Addison-Wesley asked the patterns community (or at least those who were there at the beginning) about their opinion on various issues. This is the second post of what should have been three (though I probably will only get to the first two).
For this very specific question, I expect everyone to say: Retire Singleton!
I beg to differ; for its time, Singleton was right. “Its time” mostly means single-threaded C++ code, as written by 3 of the 4 authors of the Design Patterns book. Today, many will argue that multi-threaded Java programs have made Singleton obsolete and even harmful. In my take at design patterns that would be wrong. Singleton should not perish, it should simply be adapted to its time. What ever thread-local information you may have, some it will be global to that thread. How is that not a thread-specific singleton? Or, take a group of application servers acting as a group: How is the group communication protocol not to provide a global id that makes the group identifiable and provide some global state attached to it? This may not be your granddaddy’s good ol’ singleton, but a singleton it may be nevertheless.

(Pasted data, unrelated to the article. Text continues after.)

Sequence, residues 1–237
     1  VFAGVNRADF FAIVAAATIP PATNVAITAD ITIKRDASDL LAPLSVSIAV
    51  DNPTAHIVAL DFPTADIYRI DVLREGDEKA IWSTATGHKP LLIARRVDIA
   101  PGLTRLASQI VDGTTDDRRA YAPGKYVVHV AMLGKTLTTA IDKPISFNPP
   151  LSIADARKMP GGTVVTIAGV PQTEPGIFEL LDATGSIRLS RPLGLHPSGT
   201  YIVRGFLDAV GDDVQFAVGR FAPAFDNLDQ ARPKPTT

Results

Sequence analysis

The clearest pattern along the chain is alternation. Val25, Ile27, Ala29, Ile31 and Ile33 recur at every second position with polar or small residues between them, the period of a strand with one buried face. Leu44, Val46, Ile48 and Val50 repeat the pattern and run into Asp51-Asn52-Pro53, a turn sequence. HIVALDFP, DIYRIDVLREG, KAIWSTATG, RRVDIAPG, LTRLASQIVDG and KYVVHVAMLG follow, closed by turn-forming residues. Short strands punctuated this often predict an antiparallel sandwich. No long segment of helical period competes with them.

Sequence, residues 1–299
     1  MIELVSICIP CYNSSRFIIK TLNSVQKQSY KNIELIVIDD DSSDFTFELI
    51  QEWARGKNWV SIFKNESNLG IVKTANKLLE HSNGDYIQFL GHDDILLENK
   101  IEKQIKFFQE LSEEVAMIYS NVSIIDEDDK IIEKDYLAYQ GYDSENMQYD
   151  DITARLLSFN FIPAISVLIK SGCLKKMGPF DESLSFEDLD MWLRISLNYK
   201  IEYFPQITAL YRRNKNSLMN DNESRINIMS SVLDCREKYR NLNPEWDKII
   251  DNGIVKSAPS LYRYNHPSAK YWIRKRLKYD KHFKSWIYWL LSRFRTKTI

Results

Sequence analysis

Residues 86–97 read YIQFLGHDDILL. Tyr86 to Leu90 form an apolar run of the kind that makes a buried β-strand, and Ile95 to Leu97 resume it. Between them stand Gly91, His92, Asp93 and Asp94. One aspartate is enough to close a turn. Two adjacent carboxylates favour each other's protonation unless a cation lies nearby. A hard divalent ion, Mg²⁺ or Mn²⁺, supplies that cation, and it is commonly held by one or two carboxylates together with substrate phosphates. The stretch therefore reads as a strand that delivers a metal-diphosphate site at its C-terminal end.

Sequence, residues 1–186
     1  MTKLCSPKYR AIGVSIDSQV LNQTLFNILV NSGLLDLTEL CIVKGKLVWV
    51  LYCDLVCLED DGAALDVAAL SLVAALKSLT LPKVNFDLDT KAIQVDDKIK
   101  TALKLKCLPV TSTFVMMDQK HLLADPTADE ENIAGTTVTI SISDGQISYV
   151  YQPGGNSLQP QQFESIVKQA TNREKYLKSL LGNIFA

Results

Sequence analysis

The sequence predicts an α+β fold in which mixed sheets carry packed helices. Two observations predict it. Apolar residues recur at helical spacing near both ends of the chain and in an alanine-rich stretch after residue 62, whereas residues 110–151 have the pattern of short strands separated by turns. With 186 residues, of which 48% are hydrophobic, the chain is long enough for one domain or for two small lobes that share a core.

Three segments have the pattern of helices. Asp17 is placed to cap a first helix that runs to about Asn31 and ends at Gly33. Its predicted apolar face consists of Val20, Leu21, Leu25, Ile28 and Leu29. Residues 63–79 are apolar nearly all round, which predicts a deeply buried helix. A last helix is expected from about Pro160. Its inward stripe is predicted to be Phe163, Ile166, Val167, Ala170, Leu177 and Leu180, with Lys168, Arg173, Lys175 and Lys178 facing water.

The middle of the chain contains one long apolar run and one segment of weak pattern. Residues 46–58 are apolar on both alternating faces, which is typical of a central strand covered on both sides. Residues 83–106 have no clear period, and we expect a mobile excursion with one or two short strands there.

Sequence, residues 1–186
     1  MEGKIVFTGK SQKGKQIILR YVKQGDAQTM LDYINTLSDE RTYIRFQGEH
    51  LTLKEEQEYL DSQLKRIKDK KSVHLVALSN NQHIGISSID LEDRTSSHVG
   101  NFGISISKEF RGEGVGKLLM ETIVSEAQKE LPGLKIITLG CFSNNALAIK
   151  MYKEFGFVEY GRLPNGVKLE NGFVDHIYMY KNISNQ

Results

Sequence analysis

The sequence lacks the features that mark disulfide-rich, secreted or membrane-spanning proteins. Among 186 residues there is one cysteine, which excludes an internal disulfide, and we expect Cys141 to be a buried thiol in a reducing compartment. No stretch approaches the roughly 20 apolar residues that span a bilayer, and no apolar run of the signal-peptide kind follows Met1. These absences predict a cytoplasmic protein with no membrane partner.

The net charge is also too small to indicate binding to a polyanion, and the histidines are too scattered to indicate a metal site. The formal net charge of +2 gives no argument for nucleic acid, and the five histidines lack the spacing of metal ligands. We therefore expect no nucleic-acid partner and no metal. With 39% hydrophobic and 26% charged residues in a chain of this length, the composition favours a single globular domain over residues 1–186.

This is also where pattern descriptions will pass (or fail) the test of time: Does the original description of Singleton allow for these variations or not? If not, it may have been too narrow a description. I’d assume then that specific usage examples, tied to the programming languages and systems and technologies of its time, dominated the description and the abstracion process “out of examples, timeless patterns” did not yet conclude.
Beyond Singleton, some may want to retire Visitor, mostly because we find functional programming concepts being added to programming languages more and more, and multiple dispatch (which Visitor is about) comes for free. I say: Simply be precise about the scope. Visitor is (kind of) fine for Java but in a different context may not be needed as a design pattern because it has been cast as a language feature.
Design pattern should evolve and there is nothing wrong with it. John would approve.
A summary of all posts can be found on the InformIT site.
PS: Turned out, not many on the InformIT site were pointing to this issue. Looks like I was beating a dead horse!
Leave a Reply